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Once again, MPs have been caught sleeping on the job. How can the Decentralisation Bill, which was first initiated during the 8th Parliament, take over decade to see the light of day? Why are the members of the 11th Parliament pussyfooting on the second highest piece of legislation after the Constitution of 2005.

Just to put you up to speed Madam Editor; decentralisation is entrenched in the country’s Constitution as the basis of the Tinkhundla-based System of Government, whose  primary objective is to bring government closer to the people so that the people at sub-national or local community level progressively take control of their own affairs and govern themselves. It is a global agenda which has been effectively used as a political power sharing people empowerment tool to enhance the participation of all the people in a country in both political and socio-economic development processes and activities.

This is the Bill which is supposed to promote transparency and increase public accountability; voice and participation in the development of public policies and monitoring of the quality of public services, the overall goal being to attain sustainable local governance and development, high levels of efficiency, high quality of life as well as equity and effectiveness in the delivery of public services.

My main gripe madam Editor is on the overdue improvement in service delivery. The more financial resources become limited, the higher the need to adopt a decentralised approach to tackle these economic and societal challenges. Amid the rising cost of fuel prices and the recent hike in bus fares, emaSwati cannot afford to part with a hard earned E50 to go to Mbabane or Manzini just for basic services such as the issuing of birth, marriages and death certificates, national identity cards, immigration services, basic health services, stamps or signatures of the Commissioner of Oaths, revenue services and social welfare.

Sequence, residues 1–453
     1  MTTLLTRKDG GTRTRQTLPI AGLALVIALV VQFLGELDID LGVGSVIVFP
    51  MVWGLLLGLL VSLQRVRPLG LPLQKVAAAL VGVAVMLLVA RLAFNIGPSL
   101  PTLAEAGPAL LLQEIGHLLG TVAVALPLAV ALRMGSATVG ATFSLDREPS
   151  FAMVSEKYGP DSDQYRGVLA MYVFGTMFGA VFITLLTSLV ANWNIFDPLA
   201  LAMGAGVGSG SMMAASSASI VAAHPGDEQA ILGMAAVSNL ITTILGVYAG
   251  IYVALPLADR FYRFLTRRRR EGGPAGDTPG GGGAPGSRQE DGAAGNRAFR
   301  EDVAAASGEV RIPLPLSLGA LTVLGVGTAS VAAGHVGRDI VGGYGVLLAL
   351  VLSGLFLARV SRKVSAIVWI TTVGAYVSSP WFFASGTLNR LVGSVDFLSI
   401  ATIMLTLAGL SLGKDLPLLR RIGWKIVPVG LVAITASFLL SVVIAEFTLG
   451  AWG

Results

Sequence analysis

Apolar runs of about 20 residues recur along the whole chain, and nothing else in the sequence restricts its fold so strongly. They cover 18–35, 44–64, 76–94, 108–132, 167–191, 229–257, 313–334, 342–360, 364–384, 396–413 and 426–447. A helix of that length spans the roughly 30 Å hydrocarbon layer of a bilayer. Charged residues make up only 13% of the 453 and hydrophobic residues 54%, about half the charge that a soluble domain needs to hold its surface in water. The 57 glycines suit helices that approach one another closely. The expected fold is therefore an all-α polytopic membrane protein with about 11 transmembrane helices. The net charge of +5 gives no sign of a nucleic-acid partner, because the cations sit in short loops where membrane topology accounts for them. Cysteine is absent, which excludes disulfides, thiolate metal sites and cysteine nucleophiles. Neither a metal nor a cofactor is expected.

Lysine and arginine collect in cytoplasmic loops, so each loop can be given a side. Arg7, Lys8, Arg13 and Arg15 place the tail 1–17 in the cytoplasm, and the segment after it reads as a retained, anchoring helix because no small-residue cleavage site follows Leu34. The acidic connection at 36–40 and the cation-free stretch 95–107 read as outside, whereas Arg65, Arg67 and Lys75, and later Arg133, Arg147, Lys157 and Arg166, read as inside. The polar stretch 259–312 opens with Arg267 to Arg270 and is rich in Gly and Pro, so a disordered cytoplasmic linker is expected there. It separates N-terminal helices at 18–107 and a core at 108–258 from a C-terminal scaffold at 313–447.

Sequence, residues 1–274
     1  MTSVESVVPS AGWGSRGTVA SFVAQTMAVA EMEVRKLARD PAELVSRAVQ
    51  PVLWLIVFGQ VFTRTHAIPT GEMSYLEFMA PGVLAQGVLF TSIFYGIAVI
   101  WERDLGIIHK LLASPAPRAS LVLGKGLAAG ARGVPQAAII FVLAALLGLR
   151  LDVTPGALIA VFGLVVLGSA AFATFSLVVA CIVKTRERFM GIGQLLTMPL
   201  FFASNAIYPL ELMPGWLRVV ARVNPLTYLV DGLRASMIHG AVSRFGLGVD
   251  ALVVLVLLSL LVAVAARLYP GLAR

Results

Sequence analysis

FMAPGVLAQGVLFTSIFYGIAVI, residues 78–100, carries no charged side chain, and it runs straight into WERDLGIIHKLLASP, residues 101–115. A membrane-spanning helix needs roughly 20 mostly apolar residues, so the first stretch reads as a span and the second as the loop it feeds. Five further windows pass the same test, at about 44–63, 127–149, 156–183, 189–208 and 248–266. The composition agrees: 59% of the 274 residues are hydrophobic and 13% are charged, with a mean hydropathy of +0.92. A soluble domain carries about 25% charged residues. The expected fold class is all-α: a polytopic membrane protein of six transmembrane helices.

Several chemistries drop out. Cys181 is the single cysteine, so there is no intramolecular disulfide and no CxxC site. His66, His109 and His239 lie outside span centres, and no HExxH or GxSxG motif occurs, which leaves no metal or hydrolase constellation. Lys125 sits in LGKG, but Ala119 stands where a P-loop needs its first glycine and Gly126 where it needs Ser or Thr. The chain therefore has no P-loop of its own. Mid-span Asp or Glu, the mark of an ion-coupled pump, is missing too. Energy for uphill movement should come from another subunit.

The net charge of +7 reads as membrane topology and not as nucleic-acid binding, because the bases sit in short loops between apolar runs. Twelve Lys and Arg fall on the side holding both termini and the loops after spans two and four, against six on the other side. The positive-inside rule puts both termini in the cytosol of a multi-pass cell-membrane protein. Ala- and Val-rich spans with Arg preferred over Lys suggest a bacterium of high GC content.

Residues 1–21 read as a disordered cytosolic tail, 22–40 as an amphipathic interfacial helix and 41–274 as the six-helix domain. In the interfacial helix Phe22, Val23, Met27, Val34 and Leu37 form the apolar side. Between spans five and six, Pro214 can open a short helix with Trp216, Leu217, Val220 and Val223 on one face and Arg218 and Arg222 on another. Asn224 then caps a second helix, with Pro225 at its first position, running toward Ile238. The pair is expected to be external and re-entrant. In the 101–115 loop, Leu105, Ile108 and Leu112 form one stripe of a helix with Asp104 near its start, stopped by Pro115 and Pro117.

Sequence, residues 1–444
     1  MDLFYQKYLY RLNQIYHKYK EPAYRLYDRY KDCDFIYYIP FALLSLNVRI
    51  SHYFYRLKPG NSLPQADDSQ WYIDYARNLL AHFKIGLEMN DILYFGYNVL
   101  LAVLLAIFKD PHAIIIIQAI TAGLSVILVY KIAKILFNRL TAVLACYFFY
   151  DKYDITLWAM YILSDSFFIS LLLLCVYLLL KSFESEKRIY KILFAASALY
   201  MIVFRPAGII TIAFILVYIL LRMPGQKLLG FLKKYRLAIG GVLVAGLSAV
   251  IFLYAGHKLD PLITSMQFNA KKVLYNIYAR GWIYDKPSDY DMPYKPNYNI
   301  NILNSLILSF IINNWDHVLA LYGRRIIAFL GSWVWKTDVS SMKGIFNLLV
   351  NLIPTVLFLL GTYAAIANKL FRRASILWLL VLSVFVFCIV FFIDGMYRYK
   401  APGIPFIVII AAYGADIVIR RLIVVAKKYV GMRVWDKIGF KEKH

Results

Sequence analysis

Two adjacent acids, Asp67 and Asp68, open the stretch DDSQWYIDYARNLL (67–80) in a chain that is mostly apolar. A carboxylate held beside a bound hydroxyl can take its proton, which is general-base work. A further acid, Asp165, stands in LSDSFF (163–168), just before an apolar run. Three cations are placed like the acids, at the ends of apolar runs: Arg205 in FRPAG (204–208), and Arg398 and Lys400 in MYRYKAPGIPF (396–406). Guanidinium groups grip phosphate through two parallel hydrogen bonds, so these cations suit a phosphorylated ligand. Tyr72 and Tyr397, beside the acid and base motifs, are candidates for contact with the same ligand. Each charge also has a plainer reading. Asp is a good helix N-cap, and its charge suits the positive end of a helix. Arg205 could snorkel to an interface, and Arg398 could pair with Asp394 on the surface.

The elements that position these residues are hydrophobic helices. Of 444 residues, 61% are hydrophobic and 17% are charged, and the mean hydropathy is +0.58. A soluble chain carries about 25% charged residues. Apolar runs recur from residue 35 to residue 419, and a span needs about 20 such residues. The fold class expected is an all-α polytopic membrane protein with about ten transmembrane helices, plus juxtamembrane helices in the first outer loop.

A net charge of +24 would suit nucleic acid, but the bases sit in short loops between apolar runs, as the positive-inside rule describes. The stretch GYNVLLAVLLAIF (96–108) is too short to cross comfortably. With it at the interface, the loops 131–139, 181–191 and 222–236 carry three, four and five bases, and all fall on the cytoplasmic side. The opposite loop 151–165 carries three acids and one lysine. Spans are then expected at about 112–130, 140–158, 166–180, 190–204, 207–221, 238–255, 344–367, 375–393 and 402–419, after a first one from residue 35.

Why should gogo travel all the way from Maphalaleni to Mbabane for basic social services after irresponsible parents have dumped her grandchildren on her lap? Why should citizens go all the way to Manzini for passports? We are sick and tired of standing in long super spreader queues just to get identity documents only to be turned back to come back the next day, depleting the little hard-earned cash we have on unnecessary bus fares.
Why should gogo travel all the way from Dlangeni to Mbabane just to get a signature from the Commisioner of Oaths or a revenue stamp for her grandchildren to access free primary education.

As for the hypocritical concerns on budget implications of the implementation of the Decentralisation Bill, I says budget my foot! Whose money are MPs concerned about? Is it not the very same taxpayer who has been sold a dummy for a whole decade that is footing the bill for overdue service delivery? Some have been advocating for the use of tinkhundla as venues for the much anticipated national dialogue. What have they done to rebuild the tinkhundla centres which were torched and reduced to ugly ruins by faceless comrades who were incited by the incompetency of the very same Tinkhundla System of Governance?

It seems foreigners have overtaken emaSwati in this decentralisation concept. The Chinese have taken electricity into rural areas and the Asians have taken grocery shops and mobile money outlets closer to the people. We don’t need enemies of tinkhundla in this our tinkhundla–elected Parliament.  Push the Bill Mr Deputy Prime Minister. Crack the whip Mr Speaker!

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